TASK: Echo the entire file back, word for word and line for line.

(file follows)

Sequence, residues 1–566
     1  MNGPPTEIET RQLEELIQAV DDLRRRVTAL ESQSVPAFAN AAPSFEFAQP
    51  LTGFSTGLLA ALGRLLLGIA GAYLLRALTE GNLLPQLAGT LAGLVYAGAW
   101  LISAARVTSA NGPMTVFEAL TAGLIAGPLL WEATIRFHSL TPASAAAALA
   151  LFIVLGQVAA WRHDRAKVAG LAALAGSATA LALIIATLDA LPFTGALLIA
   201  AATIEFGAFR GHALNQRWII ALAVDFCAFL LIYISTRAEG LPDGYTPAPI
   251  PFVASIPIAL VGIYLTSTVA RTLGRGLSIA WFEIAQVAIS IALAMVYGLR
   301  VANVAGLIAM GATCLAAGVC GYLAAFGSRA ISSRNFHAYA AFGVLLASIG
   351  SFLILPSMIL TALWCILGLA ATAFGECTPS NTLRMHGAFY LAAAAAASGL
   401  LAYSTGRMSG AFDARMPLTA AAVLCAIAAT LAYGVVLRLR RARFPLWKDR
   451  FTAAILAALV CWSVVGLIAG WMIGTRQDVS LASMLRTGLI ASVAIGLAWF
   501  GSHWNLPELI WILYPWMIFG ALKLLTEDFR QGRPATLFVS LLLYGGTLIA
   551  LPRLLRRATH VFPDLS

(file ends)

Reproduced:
Sequence, residues 1–566
     1  MNGPPTEIET RQLEELIQAV DDLRRRVTAL ESQSVPAFAN AAPSFEFAQP
    51  LTGFSTGLLA ALGRLLLGIA GAYLLRALTE GNLLPQLAGT LAGLVYAGAW
   101  LISAARVTSA NGPMTVFEAL TAGLIAGPLL WEATIRFHSL TPASAAAALA
   151  LFIVLGQVAA WRHDRAKVAG LAALAGSATA LALIIATLDA LPFTGALLIA
   201  AATIEFGAFR GHALNQRWII ALAVDFCAFL LIYISTRAEG LPDGYTPAPI
   251  PFVASIPIAL VGIYLTSTVA RTLGRGLSIA WFEIAQVAIS IALAMVYGLR
   301  VANVAGLIAM GATCLAAGVC GYLAAFGSRA ISSRNFHAYA AFGVLLASIG
   351  SFLILPSMIL TALWCILGLA ATAFGECTPS NTLRMHGAFY LAAAAAASGL
   401  LAYSTGRMSG AFDARMPLTA AAVLCAIAAT LAYGVVLRLR RARFPLWKDR
   451  FTAAILAALV CWSVVGLIAG WMIGTRQDVS LASMLRTGLI ASVAIGLAWF
   501  GSHWNLPELI WILYPWMIFG ALKLLTEDFR QGRPATLFVS LLLYGGTLIA
   551  LPRLLRRATH VFPDLS